   the prematures in addition to vit.D also ca. & p( 60mg
    elemental ca/day & 30 mg elemental p / day ).
Lab studies
   Calcium: Early calcium (ionized fraction) will be
    low; however, more often, normal at diagnosis.
   Phosphorus: low for age unless recent partial
    treatment or recent exposure to sunlight has
    occurred.
   Alkaline phosphatase: Elevated
   Calcidiol levels are low, and parathyroid
    hormone levels are elevated.
   Aminoaciduria: Occurs from the parathyroid
    activity; aminoaciduria does not occur in familial
    hypophosphatemia rickets (FHR).
Lab:
   Calcium: Increased in Jansen type
   Phosphorus:
       Increased in renal osteodystrophy
       Normal in metaphyseal dysostosis
   ALP:
       Low in hypophospatasia
       Normal in metaphyseal dysostosis
   Aminoaciduria: no in phosphate deficiency
    rickets except fanconi syndrome. No in
    metaphyseal dysostosis
 Rickets: Classification
 1: Calcium deficient              2: Phosphate deficient
  Lack of vit D
                                    Hypophosphatemia
        Lack of sunlight
        Dietary deficiency         Fanconi syndrome

        congenital                 RTA
    Malabsorp of vit D             Oncogenic
    Hepatic disease                  hypophosphetemia
    Anticonvulsants
                                    Phosphate deficiency
    Renal osteodystrophy
    Vit D dependent type 1        4: Conditions mimicking rickets
                                      Hypophospatasia
3: End organ resistance to vit D      Metaphyseal dysostosis
   VDDR type 2                            Jansen
                                          Schmid
Rickets: Classification
   Vitamin D dependent-caused by reduced
    activity of 25 hydroxy alpha-
    hydroxylase(enzyme that activates vitamin
    D)
   Vitamin D deficiency- “classical rickets”
    caused by low endogenous vitamin D
   Vitamin D resistant- defect in tubular
    reabsorption of phosphate
VITAMIN-D–DEPENDENT RICKETS, TYPE 1

   Genetic deficiency (variable) in the enzyme to
    convert calcidiol to calcitriol in the kidney.
   Autosomal recessive, chromosome 12.
   Presentation as nutritional rickets with a more
    variable phosphate concentration.
   Medical therapy: Treatment is calcitriol 0.5-1.5
    mcg/d.
   Also respond to pharmacologic doses of vitamin
    D (5000-10,000 u/d).
RECEPTOR DEFECT RICKETS
(FORMERLY VITAMIN-D–DEPENDENT RICKETS, TYPE II).


   Recessively inherited lack of calcitriol receptor
    sites
   Properly called vitamin-D–resistant.
   50% have alopecia, which sometimes is
    complete.
   Hypocalcemic and usually normophosphatemic.
   Several mutant forms and a wide range of
    severity and of response to calcitriol therapy
    including some totally resistant to therapy.
   May respond to high oral calcium intake plus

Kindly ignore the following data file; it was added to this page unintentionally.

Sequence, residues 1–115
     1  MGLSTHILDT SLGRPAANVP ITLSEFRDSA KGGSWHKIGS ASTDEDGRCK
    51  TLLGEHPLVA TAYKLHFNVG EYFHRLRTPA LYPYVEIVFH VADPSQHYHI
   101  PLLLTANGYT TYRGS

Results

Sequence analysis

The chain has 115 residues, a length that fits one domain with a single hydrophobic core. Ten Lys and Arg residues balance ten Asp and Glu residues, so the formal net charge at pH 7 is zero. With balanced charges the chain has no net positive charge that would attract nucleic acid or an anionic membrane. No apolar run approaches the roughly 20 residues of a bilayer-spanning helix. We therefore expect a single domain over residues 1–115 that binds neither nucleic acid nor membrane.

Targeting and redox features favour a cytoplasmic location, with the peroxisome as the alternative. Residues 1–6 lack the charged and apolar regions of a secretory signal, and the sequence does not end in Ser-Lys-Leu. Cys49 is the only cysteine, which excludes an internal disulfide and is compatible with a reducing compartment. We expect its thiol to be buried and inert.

calcitriol.
DEFECTIVE 25-HYDROXYLASE
   Two cases (a single family in the US and
    possibly 1 in Germany) have been reported
    having deficiency of 25 hydroxylase.
   Inheritance probably is autosomal recessive.
   The clinical picture resembles nutritional rickets
    with a later age of onset.
   Treatment with calcidiol in physiologic amounts
    is sufficient. Calcidiol is a natural metabolite of
    vitamin D. It is hydroxylated once at the 25
    position and is the circulating form for vitamin D
    in plasma
FANCONI SYNDROME AND
ONCOGENOUS
   Fanconi syndrome
       E.g. cystinosis and tyrosinemia,
       Renal phosphate wasting along with aminoaciduria
        and glycosuria.
       Responsive to a combination of managing the
        underlying cause when possible and to either vitamin
        D or calcitriol therapy.
   Oncogenous
       Several mesenchymal tumors of bone or connective
        tissue (including those called nonossifying fibromas,
        fibroangioma, and giant cell tumors) secrete a
        phosphaturic substance (parathyroidlike protein) that
        results in rickets.
Osteodystrophy (renal rickets)
   In end-stage renal disease, renal 1-hydroxylase
    is diminished or lost, and there is defective
    excretion of phosphate.
   This leads to hypocalcemia and to failure of
    osteoid calcification;
   Only variety of rickets with a high serum
    phosphate.
   Management of these patients includes a low
    phosphate intake, calcitriol
Hypophosphatasia
   This autosomal recessive
   Absence of alkaline phosphatase
   Causes rickets without disturbance of
    calcium and phosphate metabolism.
   There is a range of clinical expression
    from a severe, even lethal, form to mild
    disturbance. There is currently no useful
    treatment.
METAPHYSEAL DYSPLASIA (SCHMID VARIETY)

   genetic disorder of collagen with the gene
    locus on chromosome 6.
   The appearance of the metaphyses on
    radiographs cannot be distinguished from
    changes seen in rickets
   Osteotomies, if needed, should be
    deferred until growth is complete.
SUN EXPOSURE
   The AAP Committee on Environmental
    Health recommends that infants less than
    6 months of age avoid all sunshine
    exposure (Pediatrics, 104:328- 333.1999)
AAP: Vit D Supplementation
   2003 AAP Recommendation: 200 IU/day
    of Vitamin D for all infants and children
    beginning in the first two months of life
Knock Knees / Genu Valgum
                 Legs are bowed
                  inwards in the
                  standing position.
                  Bowing occurs at or
                  around the knee. On
                  standing with knees
                  together, the feet are
                  far apart.